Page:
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ECT News Community   »   E-Commerce Times Talkback   »   Re: Study: Wire-Transfer Shops Are Cesspools of Malware



Re: Study: Wire-Transfer Shops Are Cesspools of Malware
Posted by: Jordan Robertson 2008-12-14 08:25:43
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For immigrants who send money to their home countries, wire-transfer shops are backbones of their neighborhoods. On some blocks in San Francisco's Mission District, every third or fourth business might offer some sort of money transfer service, and they're always bustling, even on a Sunday morning. The customers probably don't suspect one danger that apparently often lurks in the storefronts: a startling number of viruses on the computers used to transmit their financial information.


Malware or functioning malware
Posted by: howiem9 2008-12-14 08:40:52 In reply to: Jordan Robertson
A PC can have tons of malware, but if none are executed then they are just harmless clutter. Security scanners detect both the unexecuted and the executed malware, so just what did this study detect? The article gives no indication that anyone has been ripped off using a wire transfer shop. The article gives no advice to the user. The author seems to be confused about the definition of a virus - a virus does not steal information. I do agree that this can be a serious threat to those who have no other means of transferring money abroad,but this article does not prove that it is an actual on-going threat. It appears to be more intended to scare people than an objective discourse.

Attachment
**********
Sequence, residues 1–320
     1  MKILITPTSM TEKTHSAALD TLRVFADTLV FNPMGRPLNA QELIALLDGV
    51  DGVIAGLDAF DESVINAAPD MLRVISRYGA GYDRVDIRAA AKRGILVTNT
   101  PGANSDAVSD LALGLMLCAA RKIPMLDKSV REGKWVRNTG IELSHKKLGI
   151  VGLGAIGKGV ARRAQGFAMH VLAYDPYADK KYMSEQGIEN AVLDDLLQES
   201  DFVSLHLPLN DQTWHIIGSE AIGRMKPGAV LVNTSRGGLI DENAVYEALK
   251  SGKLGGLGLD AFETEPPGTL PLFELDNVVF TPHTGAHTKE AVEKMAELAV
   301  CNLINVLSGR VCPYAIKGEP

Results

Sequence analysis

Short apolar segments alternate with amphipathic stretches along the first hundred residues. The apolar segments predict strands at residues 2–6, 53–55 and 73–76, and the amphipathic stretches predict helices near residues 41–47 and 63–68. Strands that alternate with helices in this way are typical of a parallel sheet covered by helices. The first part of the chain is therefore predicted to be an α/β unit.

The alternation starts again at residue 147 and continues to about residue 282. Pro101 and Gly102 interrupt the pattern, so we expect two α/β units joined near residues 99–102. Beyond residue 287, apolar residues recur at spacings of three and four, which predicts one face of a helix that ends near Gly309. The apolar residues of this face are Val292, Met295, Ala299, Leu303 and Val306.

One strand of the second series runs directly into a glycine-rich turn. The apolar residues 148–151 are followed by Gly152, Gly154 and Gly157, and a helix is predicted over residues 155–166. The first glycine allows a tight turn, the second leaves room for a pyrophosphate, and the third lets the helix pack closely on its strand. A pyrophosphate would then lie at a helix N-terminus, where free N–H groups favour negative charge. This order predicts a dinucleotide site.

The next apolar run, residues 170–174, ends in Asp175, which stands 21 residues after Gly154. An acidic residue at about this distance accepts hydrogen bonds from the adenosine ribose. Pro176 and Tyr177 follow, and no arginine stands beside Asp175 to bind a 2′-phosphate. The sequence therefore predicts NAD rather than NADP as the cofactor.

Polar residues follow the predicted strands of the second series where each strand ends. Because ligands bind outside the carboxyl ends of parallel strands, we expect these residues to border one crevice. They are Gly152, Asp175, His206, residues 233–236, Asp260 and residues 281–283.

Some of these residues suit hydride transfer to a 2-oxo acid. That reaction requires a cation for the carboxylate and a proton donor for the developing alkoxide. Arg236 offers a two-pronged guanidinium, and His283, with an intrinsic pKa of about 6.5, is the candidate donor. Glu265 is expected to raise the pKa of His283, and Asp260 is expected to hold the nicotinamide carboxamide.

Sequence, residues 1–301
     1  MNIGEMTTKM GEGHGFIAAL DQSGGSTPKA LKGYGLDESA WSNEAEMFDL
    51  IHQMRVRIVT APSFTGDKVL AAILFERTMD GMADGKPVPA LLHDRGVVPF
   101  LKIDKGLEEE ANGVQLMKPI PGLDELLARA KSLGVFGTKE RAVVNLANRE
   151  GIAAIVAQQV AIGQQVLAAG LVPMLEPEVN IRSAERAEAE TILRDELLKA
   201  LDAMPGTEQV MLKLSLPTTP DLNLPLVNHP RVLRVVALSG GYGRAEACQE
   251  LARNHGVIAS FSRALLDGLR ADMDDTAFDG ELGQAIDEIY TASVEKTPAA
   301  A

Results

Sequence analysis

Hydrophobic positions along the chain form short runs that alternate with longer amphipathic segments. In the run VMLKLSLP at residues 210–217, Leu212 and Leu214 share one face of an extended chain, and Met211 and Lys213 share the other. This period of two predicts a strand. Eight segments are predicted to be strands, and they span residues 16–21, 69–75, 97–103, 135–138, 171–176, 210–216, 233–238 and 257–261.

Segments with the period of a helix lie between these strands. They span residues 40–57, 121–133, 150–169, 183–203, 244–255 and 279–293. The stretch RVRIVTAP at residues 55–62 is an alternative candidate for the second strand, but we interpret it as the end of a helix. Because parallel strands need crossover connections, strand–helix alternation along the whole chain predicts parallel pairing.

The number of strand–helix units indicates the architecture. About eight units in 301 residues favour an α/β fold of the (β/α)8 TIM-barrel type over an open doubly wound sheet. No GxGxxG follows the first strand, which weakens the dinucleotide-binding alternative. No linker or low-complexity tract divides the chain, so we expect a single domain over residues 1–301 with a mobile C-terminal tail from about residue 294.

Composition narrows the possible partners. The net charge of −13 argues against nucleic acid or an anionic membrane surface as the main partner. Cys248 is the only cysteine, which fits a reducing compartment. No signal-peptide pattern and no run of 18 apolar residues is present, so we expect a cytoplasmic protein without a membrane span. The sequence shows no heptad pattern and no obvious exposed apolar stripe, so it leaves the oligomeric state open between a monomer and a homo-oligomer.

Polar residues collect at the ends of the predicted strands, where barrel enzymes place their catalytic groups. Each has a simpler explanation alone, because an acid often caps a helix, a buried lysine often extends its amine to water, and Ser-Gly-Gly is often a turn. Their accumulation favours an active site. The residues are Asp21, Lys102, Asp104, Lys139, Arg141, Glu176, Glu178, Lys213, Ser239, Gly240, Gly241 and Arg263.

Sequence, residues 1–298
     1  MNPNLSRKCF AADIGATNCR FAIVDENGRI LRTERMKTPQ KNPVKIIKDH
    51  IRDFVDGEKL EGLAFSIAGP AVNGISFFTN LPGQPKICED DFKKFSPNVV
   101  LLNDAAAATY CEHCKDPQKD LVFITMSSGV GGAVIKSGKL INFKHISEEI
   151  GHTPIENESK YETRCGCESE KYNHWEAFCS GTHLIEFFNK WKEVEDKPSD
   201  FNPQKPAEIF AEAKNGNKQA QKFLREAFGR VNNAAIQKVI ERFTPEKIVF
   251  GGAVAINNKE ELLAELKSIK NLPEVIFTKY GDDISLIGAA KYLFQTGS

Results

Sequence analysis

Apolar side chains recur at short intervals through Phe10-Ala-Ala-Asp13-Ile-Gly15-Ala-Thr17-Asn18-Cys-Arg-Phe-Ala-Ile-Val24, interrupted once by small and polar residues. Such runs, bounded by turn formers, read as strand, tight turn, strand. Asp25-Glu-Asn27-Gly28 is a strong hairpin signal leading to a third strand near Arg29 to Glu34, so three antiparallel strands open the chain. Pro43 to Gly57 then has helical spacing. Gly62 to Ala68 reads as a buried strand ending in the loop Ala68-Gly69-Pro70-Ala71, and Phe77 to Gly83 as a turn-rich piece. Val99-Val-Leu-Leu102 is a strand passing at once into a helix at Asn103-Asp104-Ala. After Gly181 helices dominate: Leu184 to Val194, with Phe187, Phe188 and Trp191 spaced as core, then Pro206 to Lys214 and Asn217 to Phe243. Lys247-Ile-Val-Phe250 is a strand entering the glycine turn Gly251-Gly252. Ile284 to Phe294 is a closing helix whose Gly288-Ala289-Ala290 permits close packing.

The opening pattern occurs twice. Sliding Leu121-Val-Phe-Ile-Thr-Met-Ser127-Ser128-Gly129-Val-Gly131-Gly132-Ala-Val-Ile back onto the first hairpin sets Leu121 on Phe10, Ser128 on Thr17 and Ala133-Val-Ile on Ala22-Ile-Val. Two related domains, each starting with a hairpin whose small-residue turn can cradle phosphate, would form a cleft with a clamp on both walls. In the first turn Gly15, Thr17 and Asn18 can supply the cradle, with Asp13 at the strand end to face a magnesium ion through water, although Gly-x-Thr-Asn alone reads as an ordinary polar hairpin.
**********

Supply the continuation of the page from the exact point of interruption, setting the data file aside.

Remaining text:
Jump to:
What was your initial reaction to news of the Colonial Pipeline cyberattack?
It demonstrates that all critical infrastructure sectors are at high risk of disruption by cybercriminals.
Everyone will be paying for this attack in the form of higher energy costs.
Governments need to work more closely with private industries to protect networks for the sake of public safety.
It's a global problem. An international alliance must be formed to hold the perpetrators accountable and prevent future attacks.